Jikishinkage Ryu

Kashima Shinden Jikishinkage Ryu often referred to simply as Jikishinkage Ryu or Kashima Shinden is a traditional school (koryu) of Japanese martial art of sword – kenjutsu.

Jikishinkage Ryu originated from old kenjutsu styles that evolved in the late Muromachi era (1337-1573) and at the beginning of the early Sengoku era (1467 – 1603) in Kashima shrine.

Jikishinkage Ryu is one of the schools of kenjutsu which is affected by a new method of execise called Shinai Uchi in which students are fighting with each other with shinai – bamboo sword in Bogu.

The school was founded Matsumoto (Sugimoto) Bizen No Kami (1467-1524). The direct predecessors of Jikishinkage Ryu were Shinkage Ryu and Kage Ryu. Jikishinkage Ryu came mainly from Kage Ryu kenjutsu founded by Aizu Iko in 1490. Matsumoto was a very talented swordsman and also known master Kage Ryu. He was also a terrifying warrior with Yari and stories says that he killed by this weapon 716 attackers. Later he founded his own style of kenjutsu which he named as Shinkage Ryu. He was also the founder of Kashima Shin Ryu. Matsumoto founded the basic exercise of Jikishinkage Ryu called HOJO. This is an exercise with special Hojo Boken which is heavier than normal boken and has a wider tsuka. For students it is difficult to use weight of boken because boken has no curvature and is not resemble to the true sword. However this weight represents the student’s knowledges. On the basis of extant scrolls visited Matsumoto Kashima shrine that there deepened his spirit and improved his knowledges of kenjutsu. The exact date of when he visited Kashima shrine is not known but probably it was between the years 1515 – 1521. In this sanctuary he also led several exercises of meditations. There is also a legend about Furibo – large suburito. One day Matsumoto meditated before shrine and was wondering how to increase his physical strength in kenjutsu. And as he thought, big thick branch had fallen from a tree. At that moment he realized that he should train with Furibo . In the Kashima shrine he had long prayed to Gods to show him the direction and let him look into the deepest essence of control of the sword. Finally deity answered him at one night and gave him a bundle of scrolls called Shinden Reiken (divine blessing through the spirit of the sword). Because Matsumoto received the blessing in the shadow of the gods of the sanctuary he named after his school as  Shinkage Ryu which means Divine Shadow. According to legend the scrolls contained the following 4 basic principles. These principles are Hasso Happa (starting at Hasso), Itto Ryodan (cut through one stroke), Uten Saten (turn right, turn left) and Totan Ichi Imi (basic of distance). These are also the basic principles of Hojo. According to the traditional scrolls Matsumoto founded in 1521 also Kashima Shinden Ryu (Divine tradition of Kashima). Matsumoto taught many students and one of his the best one was Kamiizumi Ise No Kami Nobutsuna (1508-1577), who then named his own school as Shinkage Ryu “school of new shadow” (same pronunciation as Matsumoto´s Shinkage Ryu but Kamiizumi use different kanji for it). Jikishinkage Ryu in turn means “the newest school of the old shadow.” Before his death Matsumoto gave scrolls to his successor Kamiizumi Ise No Kami Nobutsuna. With using of these scrolls he created his own basic exercises – “Sagakuen no Dachi,” which contained these following parts – Itto Ryodan, Zantei Settetsu, Hankai Hanko, Totan Ichi Imi and Uten Saten. It is interesting that Kamiizumi didn´t implement Matsumoto´s principle of  Hasso into his katas. Kamiizumi also created the most secret form of Jikishinkage Ryu which is called Marubashi. Legend says that one day during his travels Kamiizumi Ise no Kami came to chasm through which led only one way and that was across a fallen tree. While he was wondering if he will overcome the chasm over the fallen tree, came to the chasm the blind man who through his hole found the edge of the chasm and simply crossed a tree fallen over this chasm. At that moment the master realized that if we do not see the depth of the chasm we do not concentrate on it and so that´s why we ar not affraid of it. Like if we do not concentrate on the attacker with a katana if we keep only the wakizashi.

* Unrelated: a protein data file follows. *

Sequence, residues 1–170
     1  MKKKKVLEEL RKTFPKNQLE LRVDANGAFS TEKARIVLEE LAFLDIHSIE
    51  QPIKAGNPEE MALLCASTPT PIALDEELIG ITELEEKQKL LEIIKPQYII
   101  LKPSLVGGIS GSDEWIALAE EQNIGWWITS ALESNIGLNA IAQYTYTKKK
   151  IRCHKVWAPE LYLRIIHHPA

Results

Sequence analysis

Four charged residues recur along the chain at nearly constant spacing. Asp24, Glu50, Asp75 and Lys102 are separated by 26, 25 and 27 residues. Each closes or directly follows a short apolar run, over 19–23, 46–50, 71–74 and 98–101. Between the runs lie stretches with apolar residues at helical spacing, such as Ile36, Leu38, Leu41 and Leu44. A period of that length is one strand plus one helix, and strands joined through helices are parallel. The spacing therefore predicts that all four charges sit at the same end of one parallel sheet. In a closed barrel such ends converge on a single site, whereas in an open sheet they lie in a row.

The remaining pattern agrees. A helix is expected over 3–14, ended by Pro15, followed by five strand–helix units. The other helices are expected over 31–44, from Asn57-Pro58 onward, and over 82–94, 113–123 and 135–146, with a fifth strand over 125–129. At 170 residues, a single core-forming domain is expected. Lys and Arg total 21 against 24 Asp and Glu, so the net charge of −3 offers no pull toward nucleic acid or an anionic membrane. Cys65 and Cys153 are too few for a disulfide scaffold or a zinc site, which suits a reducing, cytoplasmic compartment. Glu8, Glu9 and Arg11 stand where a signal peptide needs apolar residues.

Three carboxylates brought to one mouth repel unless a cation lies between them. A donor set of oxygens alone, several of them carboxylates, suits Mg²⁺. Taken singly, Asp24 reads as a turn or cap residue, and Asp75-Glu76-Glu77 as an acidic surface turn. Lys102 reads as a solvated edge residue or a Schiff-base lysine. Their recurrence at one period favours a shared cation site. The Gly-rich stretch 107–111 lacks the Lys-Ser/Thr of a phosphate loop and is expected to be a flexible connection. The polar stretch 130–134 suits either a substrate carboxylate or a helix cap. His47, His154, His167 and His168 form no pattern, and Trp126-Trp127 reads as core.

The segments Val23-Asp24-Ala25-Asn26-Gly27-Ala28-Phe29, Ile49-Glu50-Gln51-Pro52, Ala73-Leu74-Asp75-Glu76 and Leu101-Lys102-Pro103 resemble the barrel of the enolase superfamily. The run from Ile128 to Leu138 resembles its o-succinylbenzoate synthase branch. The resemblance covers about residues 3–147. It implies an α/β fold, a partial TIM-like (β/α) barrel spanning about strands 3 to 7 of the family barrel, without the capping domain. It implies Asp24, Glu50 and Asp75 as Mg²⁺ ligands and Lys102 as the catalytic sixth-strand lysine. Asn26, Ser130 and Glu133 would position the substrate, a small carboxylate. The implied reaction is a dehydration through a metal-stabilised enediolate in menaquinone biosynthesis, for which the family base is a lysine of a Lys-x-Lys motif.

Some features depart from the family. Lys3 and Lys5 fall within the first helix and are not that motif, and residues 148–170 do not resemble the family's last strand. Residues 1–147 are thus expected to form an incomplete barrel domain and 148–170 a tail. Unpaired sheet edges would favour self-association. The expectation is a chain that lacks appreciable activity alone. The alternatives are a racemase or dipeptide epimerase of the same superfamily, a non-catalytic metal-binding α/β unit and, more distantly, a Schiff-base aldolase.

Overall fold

Marubashi is transmitted and taught only in oral form and it is usually known only to the teacher of the dojo. It was taught at the time when the best student was handed over leadership of the school. This kata was a symbol of the teacher. In peacetime was teaching methods little bit changed but it is still transferred only to a chosen few individuals. This kata is the materialization of philosophy of the school rather than applicable form to real combat. Kata is known for its soft and precise movements that are performed with maximum concentration. This is the reason why we call it Ritsu Zen – meditation in motion. If the concentration is not sufficient it is immediately visible on the movements. Kata is performed only with SHINKEN because students must learn to overcome own fear. The most important interpretation of this kata is that only spiritually and physically trained individual can overcome an attacker without killing him.